Log Cabin Praises Introduction of Local Law Enforcement Hate Crimes Prevention Act in Senate
(Washington, DC) – Log Cabin Republicans praise the bi-partisan introduction of the Local Law Enforcement Hate Crimes Prevention Act (LLEHCPA) in the U.S. Senate. The legislation would allow local law enforcement agencies to access federal assistance in the investigation and prosecution of hate crimes. Senator Gordon Smith (R-OR) is the lead Republican co-sponsor. The House version was introduced last month. Similar legislation previously passed both the U.S. House and Senate by wide, bi-partisan margins.
"Our strong support for local law enforcement officials and our shared commitment to fighting crime unites us as Republicans," said Log Cabin President Patrick Sammon. "We all understand the importance of combating violent crime in every community – from the largest cities to the smallest towns. That's why every Republican lawmaker should support this legislation."
"Log Cabin thanks Senator Smith for introducing this bill," said Sammon. "Smith is a strong advocate for common sense values. The Senate should quickly pass this legislation, which the vast majority of Americans support."
This legislation enjoys wide support, particularly among the law enforcement community. Virtually every major national law enforcement organization in America supports this law including the Federal Law Enforcement Officers Association, International Association of Chiefs of Police, International Brotherhood of Police Officers, Major Cities Chiefs Association, National District Attorneys Association, and the National Sheriffs' Association. In all, over 210 civil rights, professional, civic, and religious groups, thirty-one state Attorneys General, and former U.S. Attorney General Dick Thornburgh support this proposal.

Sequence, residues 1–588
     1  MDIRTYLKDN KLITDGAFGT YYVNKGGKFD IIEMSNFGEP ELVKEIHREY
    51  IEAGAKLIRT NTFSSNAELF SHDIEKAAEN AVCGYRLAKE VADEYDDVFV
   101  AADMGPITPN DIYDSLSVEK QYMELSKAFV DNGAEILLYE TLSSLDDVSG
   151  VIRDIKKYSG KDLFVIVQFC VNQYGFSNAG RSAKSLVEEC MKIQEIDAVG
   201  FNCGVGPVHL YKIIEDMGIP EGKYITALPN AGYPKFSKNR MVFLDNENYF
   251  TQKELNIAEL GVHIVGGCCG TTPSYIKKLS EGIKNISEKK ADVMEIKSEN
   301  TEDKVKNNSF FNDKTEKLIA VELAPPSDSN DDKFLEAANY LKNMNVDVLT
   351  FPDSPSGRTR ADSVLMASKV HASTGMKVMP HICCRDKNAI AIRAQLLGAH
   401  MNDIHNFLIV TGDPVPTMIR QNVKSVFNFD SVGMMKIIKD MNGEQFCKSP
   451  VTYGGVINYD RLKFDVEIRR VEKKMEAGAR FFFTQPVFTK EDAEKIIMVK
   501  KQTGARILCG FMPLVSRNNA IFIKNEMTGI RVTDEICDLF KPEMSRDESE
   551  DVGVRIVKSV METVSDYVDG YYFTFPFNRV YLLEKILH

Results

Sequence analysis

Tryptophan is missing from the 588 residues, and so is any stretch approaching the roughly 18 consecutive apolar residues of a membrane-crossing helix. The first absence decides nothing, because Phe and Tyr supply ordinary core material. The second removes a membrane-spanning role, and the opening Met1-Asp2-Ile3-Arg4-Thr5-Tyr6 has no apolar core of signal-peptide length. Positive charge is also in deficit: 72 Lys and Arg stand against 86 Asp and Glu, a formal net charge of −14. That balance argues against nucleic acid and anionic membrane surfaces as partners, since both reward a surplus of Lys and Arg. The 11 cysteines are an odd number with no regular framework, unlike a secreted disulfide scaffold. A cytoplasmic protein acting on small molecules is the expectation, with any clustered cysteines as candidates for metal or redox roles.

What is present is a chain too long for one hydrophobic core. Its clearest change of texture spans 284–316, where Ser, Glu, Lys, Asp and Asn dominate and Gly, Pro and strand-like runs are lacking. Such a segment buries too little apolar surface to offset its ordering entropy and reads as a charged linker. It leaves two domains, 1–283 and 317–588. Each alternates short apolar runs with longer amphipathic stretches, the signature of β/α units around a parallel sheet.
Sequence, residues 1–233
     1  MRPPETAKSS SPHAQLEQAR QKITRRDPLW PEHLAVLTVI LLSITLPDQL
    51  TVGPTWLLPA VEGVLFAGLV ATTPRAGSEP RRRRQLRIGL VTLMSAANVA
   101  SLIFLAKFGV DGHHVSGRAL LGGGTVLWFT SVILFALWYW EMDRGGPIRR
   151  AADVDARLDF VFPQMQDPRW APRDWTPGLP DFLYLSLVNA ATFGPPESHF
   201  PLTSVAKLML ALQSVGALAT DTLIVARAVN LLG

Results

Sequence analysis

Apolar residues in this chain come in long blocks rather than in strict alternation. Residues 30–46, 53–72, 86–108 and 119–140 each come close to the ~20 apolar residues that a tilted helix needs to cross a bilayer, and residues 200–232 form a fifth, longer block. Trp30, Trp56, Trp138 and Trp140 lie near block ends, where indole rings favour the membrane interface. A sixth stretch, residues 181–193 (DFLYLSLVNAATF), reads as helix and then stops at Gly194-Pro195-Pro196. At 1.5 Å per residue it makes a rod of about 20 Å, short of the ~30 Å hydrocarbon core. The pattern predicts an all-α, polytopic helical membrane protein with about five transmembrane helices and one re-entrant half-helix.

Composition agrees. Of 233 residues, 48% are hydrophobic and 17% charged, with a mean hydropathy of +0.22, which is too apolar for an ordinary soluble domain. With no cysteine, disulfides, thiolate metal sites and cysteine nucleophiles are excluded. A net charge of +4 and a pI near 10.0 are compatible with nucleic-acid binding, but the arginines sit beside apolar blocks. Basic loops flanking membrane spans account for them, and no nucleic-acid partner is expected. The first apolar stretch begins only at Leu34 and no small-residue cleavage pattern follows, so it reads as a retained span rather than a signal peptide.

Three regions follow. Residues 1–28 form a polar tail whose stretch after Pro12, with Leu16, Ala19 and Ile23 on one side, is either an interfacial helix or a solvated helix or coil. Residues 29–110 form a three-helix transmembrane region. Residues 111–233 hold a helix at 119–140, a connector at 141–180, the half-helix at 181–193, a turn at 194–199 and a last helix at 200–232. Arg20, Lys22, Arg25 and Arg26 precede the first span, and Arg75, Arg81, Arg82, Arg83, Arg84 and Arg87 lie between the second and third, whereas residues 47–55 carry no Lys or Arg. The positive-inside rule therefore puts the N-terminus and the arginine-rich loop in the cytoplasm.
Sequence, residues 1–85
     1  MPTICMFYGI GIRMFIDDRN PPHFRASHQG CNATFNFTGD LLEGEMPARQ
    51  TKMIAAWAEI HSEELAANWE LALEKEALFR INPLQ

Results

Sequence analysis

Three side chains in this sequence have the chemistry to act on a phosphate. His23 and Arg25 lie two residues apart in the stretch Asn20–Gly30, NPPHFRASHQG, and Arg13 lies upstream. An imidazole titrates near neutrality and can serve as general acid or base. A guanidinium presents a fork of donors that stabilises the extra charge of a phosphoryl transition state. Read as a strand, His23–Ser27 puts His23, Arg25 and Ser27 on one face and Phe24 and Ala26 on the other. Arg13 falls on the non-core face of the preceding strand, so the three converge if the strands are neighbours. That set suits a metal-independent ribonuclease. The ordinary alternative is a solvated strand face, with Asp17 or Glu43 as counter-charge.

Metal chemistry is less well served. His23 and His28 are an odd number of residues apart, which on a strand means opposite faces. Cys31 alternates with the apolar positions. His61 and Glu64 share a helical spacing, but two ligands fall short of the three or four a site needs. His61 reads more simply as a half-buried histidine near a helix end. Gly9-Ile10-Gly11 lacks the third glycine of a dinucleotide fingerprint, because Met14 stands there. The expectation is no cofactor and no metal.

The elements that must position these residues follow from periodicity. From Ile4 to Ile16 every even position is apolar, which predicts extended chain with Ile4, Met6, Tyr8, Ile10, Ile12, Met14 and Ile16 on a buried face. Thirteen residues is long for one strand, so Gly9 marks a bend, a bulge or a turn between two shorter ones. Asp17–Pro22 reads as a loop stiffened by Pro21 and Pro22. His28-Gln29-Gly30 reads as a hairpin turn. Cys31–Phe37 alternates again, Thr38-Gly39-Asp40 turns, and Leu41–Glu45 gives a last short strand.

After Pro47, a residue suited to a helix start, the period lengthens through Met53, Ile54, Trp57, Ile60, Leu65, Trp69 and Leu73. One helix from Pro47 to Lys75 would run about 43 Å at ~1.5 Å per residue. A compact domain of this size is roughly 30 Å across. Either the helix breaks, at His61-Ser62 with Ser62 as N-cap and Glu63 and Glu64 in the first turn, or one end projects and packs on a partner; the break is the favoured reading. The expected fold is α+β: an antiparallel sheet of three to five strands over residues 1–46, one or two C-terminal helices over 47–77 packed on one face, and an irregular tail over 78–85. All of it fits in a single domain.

"Current law allows local law enforcement agencies to receive federal assistance in the investigation and prosecution of hate crimes based on race, religion, and national origin. Modernizing existing law is critical to ensure that our local law enforcement agencies are given every tool available to prosecute violent crime," said Sammon.
According to the FBI, law enforcement officials reported 7,163 hate crimes in 2005. State and local authorities investigate and prosecute the overwhelming majority of these hate crimes – and will continue to do so after the LLEHCPA is enacted. The LLEHCPA, however, would provide a necessary backstop to state and local enforcement by permitting federal authorities to provide assistance in these investigations – and by allowing federal prosecutions when state and local authorities are unable or unwilling to act.